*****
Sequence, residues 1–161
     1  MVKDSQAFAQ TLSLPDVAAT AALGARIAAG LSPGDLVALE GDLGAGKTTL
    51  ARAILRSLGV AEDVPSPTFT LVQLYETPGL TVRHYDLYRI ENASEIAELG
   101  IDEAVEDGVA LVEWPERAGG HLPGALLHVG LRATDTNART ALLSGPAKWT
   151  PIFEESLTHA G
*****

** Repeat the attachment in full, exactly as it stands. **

Sequence, residues 1–161
     1  MVKDSQAFAQ TLSLPDVAAT AALGARIAAG LSPGDLVALE GDLGAGKTTL
    51  ARAILRSLGV AEDVPSPTFT LVQLYETPGL TVRHYDLYRI ENASEIAELG
   101  IDEAVEDGVA LVEWPERAGG HLPGALLHVG LRATDTNART ALLSGPAKWT
   151  PIFEESLTHA G